And finally, intersectionality. These last couple of years have seen a surge in feminist plays, and plays from and about marginalised (by ethnicity, region, sexual orientation, disability and class) communities.  I’d like to see more plays about what it means when all these different identities intersect, overlap and clash.”


Tamara is the founder of Fizzy Sherbet theatre company which displays new writing by women. Her show THE WHITE BIKE had a successful run at The Space in 2017 & she is currently developing her next play JACKPOT with support from Arts Council England.

“I would love to see the work of more women playwrights being performed in bigger venues and for longer runs. Having set up Fizzy Sherbet in January 2017 we have noticed a definite knock-on effect staging women’s writing has on other areas of the industry too. We staged 19 short plays written by women and this naturally translated into a ratio of two women for each man on stage.

I also feel strongly that theatre should reflect the world around us and I want to see plays that make sense of the world, or hold a mirror up to it in some way. But they have to take me on an emotional journey. I want to feel changed and affected by what I see on stage.”

We’d love to know what you want to see in theatre in 2018. Tweet us @LDNPlaywrights using #futuretheatre to let us know your thoughts. Let’s keep the conversation going.

4 thoughts on “Six Playwrights On What Theatre Should Look Like in 2018”

  1. if i was a queer women from anywhere but where i’m from – then my writing would definitely get some attention. Really? can we open the borders on these advice suggestions. They’re stifling.

    1. Hi David, I can really relate to the frustration of not being able to apply to an opportunity that looks great because I don’t meet the eligibility requirements – I think most playwrights have been in this situation at different times. Reading between the lines of your comment, it sounds like you feel discriminated against. That’s a terrible feeling. And it’s true there aren’t many schemes targeted at straight (or white) men. But I think it’s worth remembering the reasons there are opportunities targeted at women, people of colour, and LBGTQ+ folks is that they’re still woefully underrepresented in the industry. On a micro-level, it might feel like you’re at a disadvantage, but in the scheme of overall industry statistics, the playwrights that are programmed often don’t match what society looks like. (Remember, it’s just last year that the Hampstead – a new writing theatre – didn’t programme a single play by a woman.) There is still prejudice and discrimination, and it can be a lot harder from people to break through who don’t match the traditional picture of what ‘successful playwright’ looks like (see: middle class white man). Personally, I’m a huge fan of hearing stories that surprise and challenge me, things I haven’t heard before, and that show me a new way of looking at the world. As an organisation, we believe in making room for everyone at the table – regardless of background, so I am fully behind these suggestions that hopefully mean people who have been excluded or underestimated feel welcomed and encouraged, and that the industry gets the benefit of their talent and perspective. This is crucial not just from a moral standpoint, but also in making theatre the best it can be artistically. In my view, this only has to feel stifling if you assume there isn’t room at the table for you, too. But there is: there are new theatres, producing initiatives, and companies popping up all the time – from all levels of the industry. We just need to make a bigger table. And we all the power to help create it, together.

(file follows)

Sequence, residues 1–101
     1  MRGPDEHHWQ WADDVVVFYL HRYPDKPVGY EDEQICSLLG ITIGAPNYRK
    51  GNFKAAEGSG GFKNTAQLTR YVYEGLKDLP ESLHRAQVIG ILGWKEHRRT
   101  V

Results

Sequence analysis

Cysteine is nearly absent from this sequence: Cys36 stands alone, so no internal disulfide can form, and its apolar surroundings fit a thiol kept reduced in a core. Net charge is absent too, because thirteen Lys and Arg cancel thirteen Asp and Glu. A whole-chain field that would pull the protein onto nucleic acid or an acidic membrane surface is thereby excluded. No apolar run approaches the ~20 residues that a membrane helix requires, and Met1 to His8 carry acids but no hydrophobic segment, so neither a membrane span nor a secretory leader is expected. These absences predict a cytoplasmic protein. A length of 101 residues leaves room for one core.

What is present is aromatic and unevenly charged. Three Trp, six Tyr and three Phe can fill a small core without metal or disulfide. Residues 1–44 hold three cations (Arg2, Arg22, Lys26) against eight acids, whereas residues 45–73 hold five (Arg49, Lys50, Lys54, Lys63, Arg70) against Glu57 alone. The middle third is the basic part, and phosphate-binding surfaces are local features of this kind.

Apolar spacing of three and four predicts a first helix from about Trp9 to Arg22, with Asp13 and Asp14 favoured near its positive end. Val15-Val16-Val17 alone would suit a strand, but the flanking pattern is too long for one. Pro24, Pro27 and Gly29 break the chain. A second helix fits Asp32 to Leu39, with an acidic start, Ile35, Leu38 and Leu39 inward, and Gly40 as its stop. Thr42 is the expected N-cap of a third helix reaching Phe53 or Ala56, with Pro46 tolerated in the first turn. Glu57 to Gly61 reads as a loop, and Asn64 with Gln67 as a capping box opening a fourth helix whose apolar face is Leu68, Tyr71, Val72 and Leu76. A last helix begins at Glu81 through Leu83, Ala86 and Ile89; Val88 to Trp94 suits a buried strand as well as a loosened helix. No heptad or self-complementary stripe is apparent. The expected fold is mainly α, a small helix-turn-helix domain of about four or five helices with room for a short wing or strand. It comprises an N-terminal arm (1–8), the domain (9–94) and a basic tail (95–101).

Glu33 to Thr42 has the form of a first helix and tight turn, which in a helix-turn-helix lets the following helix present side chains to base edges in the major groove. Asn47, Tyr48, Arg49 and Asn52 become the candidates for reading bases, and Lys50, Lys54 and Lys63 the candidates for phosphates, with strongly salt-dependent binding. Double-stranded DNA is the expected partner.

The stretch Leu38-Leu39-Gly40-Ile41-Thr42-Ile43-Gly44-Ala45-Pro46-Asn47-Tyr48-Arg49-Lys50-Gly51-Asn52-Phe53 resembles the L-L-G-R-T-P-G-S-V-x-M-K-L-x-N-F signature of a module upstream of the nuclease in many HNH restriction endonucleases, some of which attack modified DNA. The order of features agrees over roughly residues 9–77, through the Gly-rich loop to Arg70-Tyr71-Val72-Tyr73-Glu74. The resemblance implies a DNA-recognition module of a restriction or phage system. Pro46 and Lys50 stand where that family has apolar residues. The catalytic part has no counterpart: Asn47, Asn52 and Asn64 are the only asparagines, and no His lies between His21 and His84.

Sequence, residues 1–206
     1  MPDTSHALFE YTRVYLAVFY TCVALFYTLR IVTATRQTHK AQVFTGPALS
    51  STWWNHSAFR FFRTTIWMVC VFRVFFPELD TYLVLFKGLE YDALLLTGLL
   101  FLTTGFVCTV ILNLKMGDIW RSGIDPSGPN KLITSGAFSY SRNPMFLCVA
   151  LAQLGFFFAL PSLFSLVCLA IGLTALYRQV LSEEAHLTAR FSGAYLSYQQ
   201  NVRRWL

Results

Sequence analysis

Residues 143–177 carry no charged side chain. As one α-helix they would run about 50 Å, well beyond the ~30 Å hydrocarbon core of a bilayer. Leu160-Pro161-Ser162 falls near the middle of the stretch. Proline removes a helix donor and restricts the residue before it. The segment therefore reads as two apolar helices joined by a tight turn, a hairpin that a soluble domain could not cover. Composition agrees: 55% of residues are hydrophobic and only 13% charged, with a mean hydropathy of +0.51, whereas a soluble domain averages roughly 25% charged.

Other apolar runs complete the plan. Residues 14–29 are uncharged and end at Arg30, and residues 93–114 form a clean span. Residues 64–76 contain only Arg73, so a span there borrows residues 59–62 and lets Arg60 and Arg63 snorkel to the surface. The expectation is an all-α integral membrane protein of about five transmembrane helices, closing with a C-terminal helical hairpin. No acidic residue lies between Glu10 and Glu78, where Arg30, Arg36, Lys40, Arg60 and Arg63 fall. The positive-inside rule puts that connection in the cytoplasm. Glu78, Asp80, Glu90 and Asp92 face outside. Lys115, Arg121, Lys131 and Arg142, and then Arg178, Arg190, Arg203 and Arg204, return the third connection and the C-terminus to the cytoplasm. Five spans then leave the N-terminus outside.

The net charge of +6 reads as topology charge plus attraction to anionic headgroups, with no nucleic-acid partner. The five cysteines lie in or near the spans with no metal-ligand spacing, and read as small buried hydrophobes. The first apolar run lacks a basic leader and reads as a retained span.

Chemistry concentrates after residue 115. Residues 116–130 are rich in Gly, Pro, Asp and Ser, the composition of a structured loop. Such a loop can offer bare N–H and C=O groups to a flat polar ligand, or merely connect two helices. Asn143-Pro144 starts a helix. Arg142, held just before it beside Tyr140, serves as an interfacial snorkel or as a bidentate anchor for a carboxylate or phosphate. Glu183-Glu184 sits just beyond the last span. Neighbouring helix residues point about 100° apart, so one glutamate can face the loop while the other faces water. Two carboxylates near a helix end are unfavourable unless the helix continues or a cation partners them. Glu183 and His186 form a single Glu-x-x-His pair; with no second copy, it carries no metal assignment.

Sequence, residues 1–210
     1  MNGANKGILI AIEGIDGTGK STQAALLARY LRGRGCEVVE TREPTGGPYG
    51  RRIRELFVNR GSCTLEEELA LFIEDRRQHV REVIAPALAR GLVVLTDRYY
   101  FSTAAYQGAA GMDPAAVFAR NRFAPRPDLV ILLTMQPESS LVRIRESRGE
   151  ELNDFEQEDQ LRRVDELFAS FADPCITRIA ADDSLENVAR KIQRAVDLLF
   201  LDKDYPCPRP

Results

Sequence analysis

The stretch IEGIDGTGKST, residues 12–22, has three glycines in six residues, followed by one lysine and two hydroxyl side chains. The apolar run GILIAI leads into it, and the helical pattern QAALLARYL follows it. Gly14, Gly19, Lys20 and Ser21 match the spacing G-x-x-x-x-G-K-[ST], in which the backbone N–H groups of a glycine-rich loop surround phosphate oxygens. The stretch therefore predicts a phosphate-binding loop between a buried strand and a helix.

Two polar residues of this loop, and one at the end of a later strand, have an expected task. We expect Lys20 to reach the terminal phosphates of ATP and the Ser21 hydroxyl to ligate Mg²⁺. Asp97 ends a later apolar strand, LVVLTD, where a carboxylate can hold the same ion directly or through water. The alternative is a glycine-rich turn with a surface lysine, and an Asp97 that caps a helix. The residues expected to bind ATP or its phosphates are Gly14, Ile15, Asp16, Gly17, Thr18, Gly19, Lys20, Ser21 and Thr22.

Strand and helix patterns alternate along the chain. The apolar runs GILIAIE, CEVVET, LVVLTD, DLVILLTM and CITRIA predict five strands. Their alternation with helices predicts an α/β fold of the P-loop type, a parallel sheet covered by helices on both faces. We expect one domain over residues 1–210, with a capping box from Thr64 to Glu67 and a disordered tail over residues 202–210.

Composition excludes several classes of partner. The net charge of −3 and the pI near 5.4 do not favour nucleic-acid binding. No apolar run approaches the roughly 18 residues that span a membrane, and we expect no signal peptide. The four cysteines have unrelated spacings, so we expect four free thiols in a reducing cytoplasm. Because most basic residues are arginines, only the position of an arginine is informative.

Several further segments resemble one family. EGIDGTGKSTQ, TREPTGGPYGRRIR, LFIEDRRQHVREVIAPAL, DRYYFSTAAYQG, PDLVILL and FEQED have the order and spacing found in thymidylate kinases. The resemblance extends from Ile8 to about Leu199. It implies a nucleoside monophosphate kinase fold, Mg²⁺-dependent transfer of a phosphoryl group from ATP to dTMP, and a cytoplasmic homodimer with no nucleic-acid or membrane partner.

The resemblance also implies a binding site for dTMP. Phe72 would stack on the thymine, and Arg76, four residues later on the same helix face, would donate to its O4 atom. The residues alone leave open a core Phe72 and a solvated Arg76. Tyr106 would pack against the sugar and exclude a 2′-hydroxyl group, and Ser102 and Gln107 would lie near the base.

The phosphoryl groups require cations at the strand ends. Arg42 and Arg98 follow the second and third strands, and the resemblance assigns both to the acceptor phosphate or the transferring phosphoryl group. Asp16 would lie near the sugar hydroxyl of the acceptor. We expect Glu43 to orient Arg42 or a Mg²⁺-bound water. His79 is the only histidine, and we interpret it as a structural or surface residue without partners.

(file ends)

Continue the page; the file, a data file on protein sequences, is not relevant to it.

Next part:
2. Please…stop it.
    I’m a mixed race writer who has no desire to write about being mixed race. I don’t want Diversity to corral me, to stifle me, to use me, to chain me to a yoke.
    I require freedom to write a story of my own choosing rather than what is ‘required’ of me.

    As a punter I want, ‘Long Day’s Journey into Night’. I want Joe Orton and Harold Pinter. I want plays where I can pick and choose meaning, taking what nuggets I can sift from the dust of the journey. What I don’t want to be ‘shocked’ into submission by statements of the obvious, usually from characters on the fringes of society.

    As a writer I want to surprise. I want to explore. I want to invent. I want to experiment. I want the simplicity of a good story. Call me old fashioned but sometimes I even want a beginning, a middle and an end.